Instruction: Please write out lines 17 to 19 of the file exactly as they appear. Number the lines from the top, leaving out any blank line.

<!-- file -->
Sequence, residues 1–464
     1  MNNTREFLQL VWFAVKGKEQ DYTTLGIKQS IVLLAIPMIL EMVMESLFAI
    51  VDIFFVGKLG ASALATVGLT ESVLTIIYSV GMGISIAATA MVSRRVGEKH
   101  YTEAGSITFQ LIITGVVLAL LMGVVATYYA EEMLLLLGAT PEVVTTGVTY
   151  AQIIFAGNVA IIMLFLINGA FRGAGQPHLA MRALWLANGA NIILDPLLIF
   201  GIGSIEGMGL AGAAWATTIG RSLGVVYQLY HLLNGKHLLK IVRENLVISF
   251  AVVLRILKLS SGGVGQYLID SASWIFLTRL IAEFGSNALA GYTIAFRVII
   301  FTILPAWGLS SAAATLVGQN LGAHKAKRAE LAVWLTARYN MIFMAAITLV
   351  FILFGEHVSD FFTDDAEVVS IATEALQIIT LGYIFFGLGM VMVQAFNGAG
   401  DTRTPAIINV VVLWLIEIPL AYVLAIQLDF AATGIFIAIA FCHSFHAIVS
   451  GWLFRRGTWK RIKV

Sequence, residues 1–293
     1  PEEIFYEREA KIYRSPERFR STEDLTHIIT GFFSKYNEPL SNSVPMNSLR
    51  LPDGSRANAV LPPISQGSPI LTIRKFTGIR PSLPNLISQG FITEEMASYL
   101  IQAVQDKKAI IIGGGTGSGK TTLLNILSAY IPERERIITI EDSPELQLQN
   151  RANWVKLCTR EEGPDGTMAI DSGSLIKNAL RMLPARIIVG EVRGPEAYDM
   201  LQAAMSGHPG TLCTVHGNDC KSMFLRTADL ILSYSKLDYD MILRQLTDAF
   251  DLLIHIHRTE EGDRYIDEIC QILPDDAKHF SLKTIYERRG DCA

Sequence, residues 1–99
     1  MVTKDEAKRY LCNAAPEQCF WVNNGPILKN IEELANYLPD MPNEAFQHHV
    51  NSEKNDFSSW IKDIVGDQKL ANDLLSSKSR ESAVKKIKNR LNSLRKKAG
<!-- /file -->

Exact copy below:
   201  LQAAMSGHPG TLCTVHGNDC KSMFLRTADL ILSYSKLDYD MILRQLTDAF
   251  DLLIHIHRTE EGDRYIDEIC QILPDDAKHF SLKTIYERRG DCA

Sequence, residues 1–99